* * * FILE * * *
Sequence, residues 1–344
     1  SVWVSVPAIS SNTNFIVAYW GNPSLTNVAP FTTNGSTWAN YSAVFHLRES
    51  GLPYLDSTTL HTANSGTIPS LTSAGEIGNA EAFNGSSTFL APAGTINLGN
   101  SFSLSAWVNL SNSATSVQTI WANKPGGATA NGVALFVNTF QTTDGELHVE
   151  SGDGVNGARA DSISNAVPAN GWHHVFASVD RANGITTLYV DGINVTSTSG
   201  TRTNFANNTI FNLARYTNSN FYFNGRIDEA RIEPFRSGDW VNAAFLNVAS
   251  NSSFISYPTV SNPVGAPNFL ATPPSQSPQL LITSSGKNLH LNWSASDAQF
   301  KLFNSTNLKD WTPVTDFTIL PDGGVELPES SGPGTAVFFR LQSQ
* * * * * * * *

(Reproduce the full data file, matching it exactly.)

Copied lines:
Sequence, residues 1–344
     1  SVWVSVPAIS SNTNFIVAYW GNPSLTNVAP FTTNGSTWAN YSAVFHLRES
    51  GLPYLDSTTL HTANSGTIPS LTSAGEIGNA EAFNGSSTFL APAGTINLGN
   101  SFSLSAWVNL SNSATSVQTI WANKPGGATA NGVALFVNTF QTTDGELHVE
   151  SGDGVNGARA DSISNAVPAN GWHHVFASVD RANGITTLYV DGINVTSTSG
   201  TRTNFANNTI FNLARYTNSN FYFNGRIDEA RIEPFRSGDW VNAAFLNVAS
   251  NSSFISYPTV SNPVGAPNFL ATPPSQSPQL LITSSGKNLH LNWSASDAQF
   301  KLFNSTNLKD WTPVTDFTIL PDGGVELPES SGPGTAVFFR LQSQ